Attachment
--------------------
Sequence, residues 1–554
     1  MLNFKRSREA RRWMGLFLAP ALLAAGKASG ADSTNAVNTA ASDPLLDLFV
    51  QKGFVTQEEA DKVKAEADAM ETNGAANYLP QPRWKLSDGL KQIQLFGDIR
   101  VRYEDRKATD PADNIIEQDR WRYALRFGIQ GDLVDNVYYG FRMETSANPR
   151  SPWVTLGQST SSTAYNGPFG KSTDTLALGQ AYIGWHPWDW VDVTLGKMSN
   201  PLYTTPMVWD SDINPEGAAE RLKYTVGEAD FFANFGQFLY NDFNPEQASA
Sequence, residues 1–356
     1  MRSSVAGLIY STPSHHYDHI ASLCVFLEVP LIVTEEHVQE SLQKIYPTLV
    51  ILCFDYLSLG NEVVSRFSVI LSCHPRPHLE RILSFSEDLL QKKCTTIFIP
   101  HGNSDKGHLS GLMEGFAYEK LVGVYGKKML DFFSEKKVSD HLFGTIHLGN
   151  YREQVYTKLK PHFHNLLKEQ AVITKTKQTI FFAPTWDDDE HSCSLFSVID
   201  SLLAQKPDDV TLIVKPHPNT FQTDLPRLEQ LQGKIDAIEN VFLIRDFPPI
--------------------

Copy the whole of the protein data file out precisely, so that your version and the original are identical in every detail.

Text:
Sequence, residues 1–554
     1  MLNFKRSREA RRWMGLFLAP ALLAAGKASG ADSTNAVNTA ASDPLLDLFV
    51  QKGFVTQEEA DKVKAEADAM ETNGAANYLP QPRWKLSDGL KQIQLFGDIR
   101  VRYEDRKATD PADNIIEQDR WRYALRFGIQ GDLVDNVYYG FRMETSANPR
   151  SPWVTLGQST SSTAYNGPFG KSTDTLALGQ AYIGWHPWDW VDVTLGKMSN
   201  PLYTTPMVWD SDINPEGAAE RLKYTVGEAD FFANFGQFLY NDFNPEQASA
Sequence, residues 1–356
     1  MRSSVAGLIY STPSHHYDHI ASLCVFLEVP LIVTEEHVQE SLQKIYPTLV
    51  ILCFDYLSLG NEVVSRFSVI LSCHPRPHLE RILSFSEDLL QKKCTTIFIP
   101  HGNSDKGHLS GLMEGFAYEK LVGVYGKKML DFFSEKKVSD HLFGTIHLGN
   151  YREQVYTKLK PHFHNLLKEQ AVITKTKQTI FFAPTWDDDE HSCSLFSVID
   201  SLLAQKPDDV TLIVKPHPNT FQTDLPRLEQ LQGKIDAIEN VFLIRDFPPI